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Lynchings in America . . . a bit of history that sheds light on the present and future

When I was a boy growing up in New Orleans, Louisiana, the word lynching was hardly ever mentioned. My parents only said these "mean" acts happened in the country (rural areas) with white men in white gowns (the KKK). In all my schooling, through high school and on to college, lynching was never part of a lecture or connected with American history. I knew of the word, lynching, but never, never the scope of this violent, hateful act.

On Thursday, January 13, 2000, an article entitled, "An Ugly Legacy Lives on, Its Glare Unsoftened by Age," by Robert Smith was published in the New York Times. This excellent article revealed a world not known by many Americans living today and especially by me. Without my explaining here, it should be read by all persons, especially as it pertains to race and hate. Without understanding this past evil history, we cannot understand why hate is on the rise today in this year of 2000.

After reading the New York Times article, I wanted to know more about lynching and what could possibly be presented on this squeamish subject. It turned out that an exhibit of rare collected photo postcards were on display featuring lynchings as they took place in America from 1883-1960. I saw this exhibit. It was on view at the Roth Horowitz Gallery in New York City until February 12, 2000. This small gallery took in only about fifteen people at a time, and the line was long. Watching the viewers as they exited revealed what was inside: people with tears, some with anguish, some looked surprised with the horror they had seen.

This New York exhibition presented the collected photocards of Mr. James Allen, a white Atlanta resident who, for fifteen years, sought out these images of racial horror and self-righteous vigilante acts as rare finds. Since most of these photocards were kept as "keepsakes" by some families, Mr. Allen had to solicit ads for purchase. He paid from fifteen dollars to as much as thirty thousand dollars for individual cards. The sixty photo postcards and other material were temporarily housed in the library at Emory University to allow scholars to have access to it, but are now being held by their owner at www.withoutsanctuary.org  /  Melvin Sylvester, Feb. 2000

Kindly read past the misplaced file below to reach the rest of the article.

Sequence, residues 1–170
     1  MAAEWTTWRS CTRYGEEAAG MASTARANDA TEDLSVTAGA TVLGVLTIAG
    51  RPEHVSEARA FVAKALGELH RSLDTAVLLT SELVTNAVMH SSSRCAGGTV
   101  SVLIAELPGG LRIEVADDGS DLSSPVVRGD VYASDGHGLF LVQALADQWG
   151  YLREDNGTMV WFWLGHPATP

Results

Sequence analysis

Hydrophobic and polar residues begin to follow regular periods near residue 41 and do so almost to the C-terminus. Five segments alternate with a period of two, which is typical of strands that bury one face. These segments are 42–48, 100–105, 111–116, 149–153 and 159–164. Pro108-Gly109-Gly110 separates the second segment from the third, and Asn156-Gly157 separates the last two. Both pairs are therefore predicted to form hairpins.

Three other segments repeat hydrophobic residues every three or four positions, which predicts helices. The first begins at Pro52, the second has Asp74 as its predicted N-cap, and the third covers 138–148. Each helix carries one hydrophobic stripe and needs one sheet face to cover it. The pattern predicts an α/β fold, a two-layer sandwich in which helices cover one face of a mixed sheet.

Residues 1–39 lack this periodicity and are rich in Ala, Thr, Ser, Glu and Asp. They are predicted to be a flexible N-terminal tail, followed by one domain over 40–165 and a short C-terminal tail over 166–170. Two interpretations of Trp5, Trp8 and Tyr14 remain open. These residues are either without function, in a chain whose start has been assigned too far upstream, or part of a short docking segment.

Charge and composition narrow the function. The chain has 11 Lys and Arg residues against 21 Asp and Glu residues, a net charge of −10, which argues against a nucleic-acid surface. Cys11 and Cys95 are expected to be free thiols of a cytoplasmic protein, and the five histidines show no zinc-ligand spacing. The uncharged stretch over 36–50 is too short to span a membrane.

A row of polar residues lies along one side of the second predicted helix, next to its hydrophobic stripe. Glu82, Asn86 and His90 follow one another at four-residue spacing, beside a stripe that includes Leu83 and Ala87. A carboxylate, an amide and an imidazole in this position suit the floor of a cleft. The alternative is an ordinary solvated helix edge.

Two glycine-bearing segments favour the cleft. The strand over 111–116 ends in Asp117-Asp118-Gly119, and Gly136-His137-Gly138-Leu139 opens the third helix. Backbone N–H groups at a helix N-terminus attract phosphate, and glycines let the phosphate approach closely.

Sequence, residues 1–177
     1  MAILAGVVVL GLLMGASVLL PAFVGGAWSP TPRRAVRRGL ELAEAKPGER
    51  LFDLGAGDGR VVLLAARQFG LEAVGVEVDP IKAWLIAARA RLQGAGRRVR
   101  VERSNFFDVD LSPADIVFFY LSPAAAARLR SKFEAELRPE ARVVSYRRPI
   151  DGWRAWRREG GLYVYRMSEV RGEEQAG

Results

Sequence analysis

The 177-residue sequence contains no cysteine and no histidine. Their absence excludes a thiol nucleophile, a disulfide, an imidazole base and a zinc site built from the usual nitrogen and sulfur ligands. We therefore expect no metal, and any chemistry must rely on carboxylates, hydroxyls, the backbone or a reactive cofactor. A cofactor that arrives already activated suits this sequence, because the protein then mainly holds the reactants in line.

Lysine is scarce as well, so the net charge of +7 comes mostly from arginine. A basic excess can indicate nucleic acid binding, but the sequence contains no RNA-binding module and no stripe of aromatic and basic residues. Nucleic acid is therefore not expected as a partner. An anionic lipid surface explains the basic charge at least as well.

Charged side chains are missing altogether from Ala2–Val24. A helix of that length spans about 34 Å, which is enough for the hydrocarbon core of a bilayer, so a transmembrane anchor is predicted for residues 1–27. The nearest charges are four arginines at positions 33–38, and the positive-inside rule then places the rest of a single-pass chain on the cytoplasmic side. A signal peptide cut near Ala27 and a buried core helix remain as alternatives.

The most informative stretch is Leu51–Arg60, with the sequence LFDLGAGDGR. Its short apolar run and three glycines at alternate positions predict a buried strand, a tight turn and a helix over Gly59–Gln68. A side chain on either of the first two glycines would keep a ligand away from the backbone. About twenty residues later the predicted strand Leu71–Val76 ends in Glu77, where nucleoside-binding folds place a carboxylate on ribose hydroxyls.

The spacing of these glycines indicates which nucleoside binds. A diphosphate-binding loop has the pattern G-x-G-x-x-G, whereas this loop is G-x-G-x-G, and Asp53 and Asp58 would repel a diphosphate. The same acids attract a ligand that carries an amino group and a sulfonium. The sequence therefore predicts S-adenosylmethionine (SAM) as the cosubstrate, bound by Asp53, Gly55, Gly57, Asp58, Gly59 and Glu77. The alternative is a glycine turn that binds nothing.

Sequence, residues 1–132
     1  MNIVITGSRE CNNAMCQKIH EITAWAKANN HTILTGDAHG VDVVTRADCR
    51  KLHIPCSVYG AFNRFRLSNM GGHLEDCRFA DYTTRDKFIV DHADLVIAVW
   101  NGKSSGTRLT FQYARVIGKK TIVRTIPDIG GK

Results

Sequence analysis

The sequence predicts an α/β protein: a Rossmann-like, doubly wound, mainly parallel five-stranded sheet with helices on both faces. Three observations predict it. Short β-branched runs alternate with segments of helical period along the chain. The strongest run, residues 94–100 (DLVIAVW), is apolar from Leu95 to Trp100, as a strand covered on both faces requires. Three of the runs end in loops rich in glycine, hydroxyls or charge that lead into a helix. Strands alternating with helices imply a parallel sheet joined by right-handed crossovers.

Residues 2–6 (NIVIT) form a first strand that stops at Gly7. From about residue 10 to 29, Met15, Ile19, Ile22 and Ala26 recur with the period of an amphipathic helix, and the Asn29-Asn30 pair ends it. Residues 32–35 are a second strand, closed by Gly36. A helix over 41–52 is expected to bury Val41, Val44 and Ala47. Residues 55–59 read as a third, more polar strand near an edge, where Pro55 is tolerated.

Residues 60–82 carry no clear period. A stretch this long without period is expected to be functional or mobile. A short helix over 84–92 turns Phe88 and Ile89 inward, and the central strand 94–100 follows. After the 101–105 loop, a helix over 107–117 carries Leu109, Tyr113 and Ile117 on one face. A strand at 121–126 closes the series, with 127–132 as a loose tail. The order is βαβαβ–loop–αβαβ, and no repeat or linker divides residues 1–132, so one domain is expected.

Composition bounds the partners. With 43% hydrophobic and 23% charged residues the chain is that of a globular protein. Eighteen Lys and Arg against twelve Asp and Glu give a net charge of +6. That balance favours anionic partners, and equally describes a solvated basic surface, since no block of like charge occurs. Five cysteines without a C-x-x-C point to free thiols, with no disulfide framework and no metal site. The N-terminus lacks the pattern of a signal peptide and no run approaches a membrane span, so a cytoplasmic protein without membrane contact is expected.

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"Cloaking an Apology for Lawlessness"

 Ida B. Wells, Frances Willard and the Lynching Controversy, 1890-1894

Author: Amy Hackett

Advisor: Jean Humez

Abstract:

Between 1890 and 1894, as calls to protect the honor of white womanhood abounded in an American society ripe with conflict over race, gender and morality, there erupted a controversy over lynching between social reformer Frances Willard, the president of the Woman's Christian Temperance Union, and anti-lynching activist Ida B. Wells. Ida B. Wells vehemently protested lynching, arguing that the justification for lynching predicated on the black rape of white women was a myth created by white men as an excuse to lynch black men in attempts to regain political and economic power in the post-Civil War era.

Wells also radically contended that white women were engaging in these types of relationships, even seducing black men, deceiving white society by denying that relationships could be consensual, and then standing by while African American men were lynched for rape. Her suggestion that white women might voluntarily engage in sexual relationships with black men, provocatively challenged the concepts of the purity, chastity and morality of white womanhood central to the conceptual framework of the W.C.T.U.